State officials working to increase blood lead testing rates in Michigan

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Posted at 10:56 AM, May 19, 2021

Blood lead testing rates in Michigan have dropped over the past year, much to the concern of state health officials.

“Exposure to lead can have devastating long term health consequences, particularly for children,” said Dr. Joneigh Khaldun, MDHHS chief medical executive and chief deputy for health, in a press release. “It is important that we make sure all children have access to lead testing and prevention services. We want to make sure parents and families understand the risk of lead hazards and have the resources to be able to protect themselves.”

To increase testing among affected Michiganders, a mobile unit is being offered through an agreement with Wayne Health. In addition to blood lead level testing, the mobile unit will offer flu shots, blood pressure screening, HIV testing and on-site referrals for public benefits including Medicaid, cash assistance, unemployment assistance, emergency food and shelter services and other vital points of care.

In addition to blood testing, MDHHS says it's partnering with faith leaders in these communities to combine existing outreach efforts with trusted community partners. Faith leaders can be invaluable resources as they understand the communities they serve. By educating faith-based partners to share this information, MDHHS is able to both build trust within the communities needing assistance and maximizing the potential to help them as well.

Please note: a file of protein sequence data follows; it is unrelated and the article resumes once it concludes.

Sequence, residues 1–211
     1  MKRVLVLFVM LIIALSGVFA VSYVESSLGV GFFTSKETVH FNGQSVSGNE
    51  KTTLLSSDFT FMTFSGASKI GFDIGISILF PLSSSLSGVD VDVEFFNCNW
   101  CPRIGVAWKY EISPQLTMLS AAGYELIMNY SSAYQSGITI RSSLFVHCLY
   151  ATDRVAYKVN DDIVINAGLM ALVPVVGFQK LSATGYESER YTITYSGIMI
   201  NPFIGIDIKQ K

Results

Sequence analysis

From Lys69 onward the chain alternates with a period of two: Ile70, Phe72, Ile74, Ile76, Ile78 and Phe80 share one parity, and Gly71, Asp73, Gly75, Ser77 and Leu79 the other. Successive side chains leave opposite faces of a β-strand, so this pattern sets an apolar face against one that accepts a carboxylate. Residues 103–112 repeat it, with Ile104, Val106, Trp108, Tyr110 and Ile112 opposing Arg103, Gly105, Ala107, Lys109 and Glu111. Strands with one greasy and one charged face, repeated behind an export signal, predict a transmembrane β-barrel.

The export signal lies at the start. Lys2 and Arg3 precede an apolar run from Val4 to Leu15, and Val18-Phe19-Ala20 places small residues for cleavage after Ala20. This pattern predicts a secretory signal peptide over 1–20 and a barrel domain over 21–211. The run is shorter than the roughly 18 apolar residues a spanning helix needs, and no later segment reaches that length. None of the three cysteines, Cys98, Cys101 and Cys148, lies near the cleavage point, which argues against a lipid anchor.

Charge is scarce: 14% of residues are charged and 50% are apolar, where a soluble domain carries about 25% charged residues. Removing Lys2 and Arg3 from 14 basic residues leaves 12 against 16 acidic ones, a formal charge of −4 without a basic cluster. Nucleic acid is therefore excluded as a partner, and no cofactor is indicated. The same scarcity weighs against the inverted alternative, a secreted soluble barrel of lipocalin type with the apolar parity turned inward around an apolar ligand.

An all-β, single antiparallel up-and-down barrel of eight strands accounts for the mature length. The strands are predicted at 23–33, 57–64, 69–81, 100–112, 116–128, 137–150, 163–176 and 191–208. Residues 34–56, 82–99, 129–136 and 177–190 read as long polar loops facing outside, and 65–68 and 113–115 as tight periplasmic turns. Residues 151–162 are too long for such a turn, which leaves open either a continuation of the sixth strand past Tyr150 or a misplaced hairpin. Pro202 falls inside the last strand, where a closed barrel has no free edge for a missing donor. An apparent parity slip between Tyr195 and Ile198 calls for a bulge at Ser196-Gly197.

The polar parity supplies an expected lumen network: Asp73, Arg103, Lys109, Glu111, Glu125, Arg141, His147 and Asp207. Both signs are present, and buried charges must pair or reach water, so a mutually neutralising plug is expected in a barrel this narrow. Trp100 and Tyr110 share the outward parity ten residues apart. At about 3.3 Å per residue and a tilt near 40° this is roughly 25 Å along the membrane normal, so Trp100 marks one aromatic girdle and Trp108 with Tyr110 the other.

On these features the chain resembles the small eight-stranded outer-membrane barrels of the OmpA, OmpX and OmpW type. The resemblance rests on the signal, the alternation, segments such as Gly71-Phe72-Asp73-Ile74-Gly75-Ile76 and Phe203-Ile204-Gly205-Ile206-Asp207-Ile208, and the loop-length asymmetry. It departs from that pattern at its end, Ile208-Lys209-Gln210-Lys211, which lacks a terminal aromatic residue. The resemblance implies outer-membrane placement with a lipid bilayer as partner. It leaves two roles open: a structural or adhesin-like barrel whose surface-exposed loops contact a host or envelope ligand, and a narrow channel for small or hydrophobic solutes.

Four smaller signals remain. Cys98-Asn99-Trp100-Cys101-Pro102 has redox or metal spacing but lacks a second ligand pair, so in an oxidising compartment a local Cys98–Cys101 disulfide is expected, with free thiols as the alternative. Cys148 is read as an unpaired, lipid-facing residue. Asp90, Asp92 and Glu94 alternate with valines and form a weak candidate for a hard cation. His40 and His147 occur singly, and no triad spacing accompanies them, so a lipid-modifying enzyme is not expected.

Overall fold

“We all know that education, and the lack thereof, are crucial determinants of our children’s fate and future. Few things impede that growth more than the impact of lead on the cognitive development of our children. Consequently, lead testing is crucial to detecting and addressing such a potential threat to their wellbeing,” said Rev. Horace L. Sheffield III, director of the Detroit Association of Black Organizations and pastor at New Destiny Christian Fellowship.

Other strategies to reduce lead exposure include distribution of lead-reducing water filters to vulnerable residents, sampling water of homes within ALE communities and a comprehensive outreach program focused on reducing exposure to all sources of lead.

Testing for blood lead is free for everyone.